PAR: What should the design approach be?

YHC: I’m still searching for it, but I think that I have a clue now. The light. The light changes very much in Beijing on days like this – [Yung Ho Chang looks outside, the weather is hot and humid, the sky is covered] before, in summer, we would never have this light. This is a different climate, this is a different sky, so the quality of life is different. I don’t think I can get that back, but I think that architecture has to change the way the building catches light… So I’m thinking of a very different way of making: bringing light inside. I’m working on some designs based on this concept, so we’ll see, maybe I could succeed, maybe not! [laughs]

High-rise in Beijing. Image © Pier Alessio Rizzardi
High-rise in Beijing. Image © Pier Alessio Rizzardi

PAR: What is your idea of the ‘New Beijing sky’?

YHC: If an architect designs the ‘perfect skylight’, that might be the last chance for a person in Beijing to make a connection [between nature and home]. That connection is no longer done by trees because you are in high-rises. Trees are all there somewhere below. If you can, somehow, make a connection with a window to the sky, then you’ll still have a dialogue with nature. I’m actually doing some design using your question as something to pursue, so we’ll see.

Objects and the city

PAR: What is iconic in China?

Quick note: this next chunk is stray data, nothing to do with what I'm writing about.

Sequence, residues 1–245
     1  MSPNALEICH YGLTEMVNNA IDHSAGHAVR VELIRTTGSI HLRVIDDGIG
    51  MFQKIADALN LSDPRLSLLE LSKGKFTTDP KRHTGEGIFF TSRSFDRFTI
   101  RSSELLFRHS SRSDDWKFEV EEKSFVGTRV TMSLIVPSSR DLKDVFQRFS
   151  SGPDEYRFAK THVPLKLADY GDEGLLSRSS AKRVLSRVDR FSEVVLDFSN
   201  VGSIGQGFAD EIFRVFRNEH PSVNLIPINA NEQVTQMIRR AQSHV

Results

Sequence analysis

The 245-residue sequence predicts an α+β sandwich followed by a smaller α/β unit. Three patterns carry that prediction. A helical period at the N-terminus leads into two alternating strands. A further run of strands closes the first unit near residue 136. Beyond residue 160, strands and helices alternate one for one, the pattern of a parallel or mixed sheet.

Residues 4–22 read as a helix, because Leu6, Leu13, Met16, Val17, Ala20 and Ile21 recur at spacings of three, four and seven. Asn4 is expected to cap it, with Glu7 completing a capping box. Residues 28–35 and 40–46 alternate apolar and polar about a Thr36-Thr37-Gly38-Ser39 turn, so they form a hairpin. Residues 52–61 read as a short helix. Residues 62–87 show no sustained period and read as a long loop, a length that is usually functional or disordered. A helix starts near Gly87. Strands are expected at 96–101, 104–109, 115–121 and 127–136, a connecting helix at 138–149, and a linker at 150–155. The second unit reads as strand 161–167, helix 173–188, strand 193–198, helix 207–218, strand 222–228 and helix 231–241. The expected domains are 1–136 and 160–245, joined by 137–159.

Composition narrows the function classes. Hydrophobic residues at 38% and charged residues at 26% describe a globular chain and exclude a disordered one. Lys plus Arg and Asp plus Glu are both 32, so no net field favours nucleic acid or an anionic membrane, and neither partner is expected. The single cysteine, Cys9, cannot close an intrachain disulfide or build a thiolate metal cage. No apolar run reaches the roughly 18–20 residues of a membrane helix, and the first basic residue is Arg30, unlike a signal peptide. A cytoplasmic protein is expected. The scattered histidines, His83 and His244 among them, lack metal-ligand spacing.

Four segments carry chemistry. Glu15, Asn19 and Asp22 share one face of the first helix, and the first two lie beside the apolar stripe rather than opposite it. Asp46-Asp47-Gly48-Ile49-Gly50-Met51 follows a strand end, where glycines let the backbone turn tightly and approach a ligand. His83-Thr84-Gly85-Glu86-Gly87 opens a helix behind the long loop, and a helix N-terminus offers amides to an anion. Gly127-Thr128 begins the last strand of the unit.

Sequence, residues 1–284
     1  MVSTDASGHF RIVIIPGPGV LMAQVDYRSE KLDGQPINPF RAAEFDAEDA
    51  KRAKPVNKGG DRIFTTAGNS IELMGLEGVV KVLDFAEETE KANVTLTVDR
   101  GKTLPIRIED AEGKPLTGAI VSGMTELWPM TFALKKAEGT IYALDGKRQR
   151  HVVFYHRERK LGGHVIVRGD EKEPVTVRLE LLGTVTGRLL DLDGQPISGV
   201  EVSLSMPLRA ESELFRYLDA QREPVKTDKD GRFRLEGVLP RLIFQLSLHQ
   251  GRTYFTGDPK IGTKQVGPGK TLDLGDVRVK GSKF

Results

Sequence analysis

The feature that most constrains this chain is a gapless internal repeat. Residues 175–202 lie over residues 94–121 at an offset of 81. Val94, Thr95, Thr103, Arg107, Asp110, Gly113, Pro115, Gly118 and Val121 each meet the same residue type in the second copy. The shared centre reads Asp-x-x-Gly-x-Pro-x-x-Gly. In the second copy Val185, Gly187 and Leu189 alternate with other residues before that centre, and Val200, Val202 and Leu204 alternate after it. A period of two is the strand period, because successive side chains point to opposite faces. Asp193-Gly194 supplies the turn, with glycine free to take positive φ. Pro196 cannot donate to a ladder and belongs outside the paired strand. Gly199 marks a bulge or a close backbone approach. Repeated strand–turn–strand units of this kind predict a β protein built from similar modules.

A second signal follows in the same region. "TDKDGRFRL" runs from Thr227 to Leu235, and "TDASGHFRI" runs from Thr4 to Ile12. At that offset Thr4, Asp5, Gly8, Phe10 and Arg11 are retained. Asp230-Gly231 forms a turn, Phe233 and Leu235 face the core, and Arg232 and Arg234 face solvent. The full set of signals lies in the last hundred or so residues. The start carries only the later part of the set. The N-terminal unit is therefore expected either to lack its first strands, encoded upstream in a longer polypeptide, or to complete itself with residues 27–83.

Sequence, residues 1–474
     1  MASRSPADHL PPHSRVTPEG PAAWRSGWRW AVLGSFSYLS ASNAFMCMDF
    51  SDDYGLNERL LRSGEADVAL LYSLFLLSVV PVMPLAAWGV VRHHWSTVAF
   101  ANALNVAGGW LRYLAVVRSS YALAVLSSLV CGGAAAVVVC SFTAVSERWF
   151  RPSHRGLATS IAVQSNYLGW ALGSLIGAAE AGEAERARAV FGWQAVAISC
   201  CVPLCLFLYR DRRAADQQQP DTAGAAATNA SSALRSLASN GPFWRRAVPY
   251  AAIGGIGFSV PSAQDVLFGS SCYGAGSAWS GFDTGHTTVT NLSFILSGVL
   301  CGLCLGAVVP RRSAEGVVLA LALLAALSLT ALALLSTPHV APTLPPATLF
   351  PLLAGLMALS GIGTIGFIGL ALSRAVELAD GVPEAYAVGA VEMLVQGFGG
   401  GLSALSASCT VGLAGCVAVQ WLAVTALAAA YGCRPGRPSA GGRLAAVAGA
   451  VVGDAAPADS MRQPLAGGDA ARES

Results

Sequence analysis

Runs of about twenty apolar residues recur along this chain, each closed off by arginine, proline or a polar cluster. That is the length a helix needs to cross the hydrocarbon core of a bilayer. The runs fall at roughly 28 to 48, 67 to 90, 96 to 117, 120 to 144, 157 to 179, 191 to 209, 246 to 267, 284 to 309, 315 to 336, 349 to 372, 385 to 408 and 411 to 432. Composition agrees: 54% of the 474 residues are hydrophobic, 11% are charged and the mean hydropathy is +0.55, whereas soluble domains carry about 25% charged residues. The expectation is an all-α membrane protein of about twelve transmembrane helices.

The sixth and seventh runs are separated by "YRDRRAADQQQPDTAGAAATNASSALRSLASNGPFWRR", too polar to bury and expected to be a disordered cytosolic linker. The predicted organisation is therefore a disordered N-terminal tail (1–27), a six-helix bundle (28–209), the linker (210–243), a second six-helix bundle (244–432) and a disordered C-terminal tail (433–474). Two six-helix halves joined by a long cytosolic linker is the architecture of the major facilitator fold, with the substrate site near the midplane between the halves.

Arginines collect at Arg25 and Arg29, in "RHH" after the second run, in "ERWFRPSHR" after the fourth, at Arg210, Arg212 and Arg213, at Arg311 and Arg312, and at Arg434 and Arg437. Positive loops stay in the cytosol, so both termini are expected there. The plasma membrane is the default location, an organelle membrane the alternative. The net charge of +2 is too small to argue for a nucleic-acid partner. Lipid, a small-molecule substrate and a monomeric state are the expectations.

YHC: The iconic buildings, as glorious as they are, I’m not sure what they really contribute to the city. They are monuments, they are icons. If I want to meet someone to have Italian food, that’s more important than being stuck in traffic and looking up to a big urban icon. I think it is possible to do little things with buildings. The key is to do something that is manageable and then you won’t give up the whole battle!

PAR: How can ‘little things’ in architecture make a difference?

YHC: There is a wrong vision for the city of Beijing and for Chinese cities altogether. There are some issues that an architect or just an office, whether big or small, wouldn’t be able to impact. The kind of grandiose spaces and big objects, they are not made for liveability, they are like monuments. Maybe they are made for the success of the Chinese economy, but they don’t give the people a comfortable life.

Residential Super-Blocks in Xi’an. Image © Pier Alessio Rizzardi
Residential Super-Blocks in Xi’an. Image © Pier Alessio Rizzardi

PAR: How do you try to solve the problem?

YHC: For things like this we can do very little, but we are trying very hard. For instance, in Shanghai we are building a small 40- by 40-metre block on a 10-metre wide street and along the street the sidewalk is always covered by a canopy. We didn’t really invent this; this is a pretty old way to make a city where people like to walk, like Bologna in Italy.

PAR: Do you think Chinese architects have more or less the same impact on architecture as Western ones?

YHC: Probably not more. I think, again, volume (if an architect is working in a repetitive way) really doesn’t count, unless someone is possibly thinking about another version or a new idea of the city… then Chinese architects are doing something that is out of reach for Western architects. In the end, most Chinese architects do repetitive work. They build a lot, but so what? In the end, it doesn’t contribute to the quality of life so much; it doesn’t push the culture forward. That’s one big missed opportunity for Chinese architects.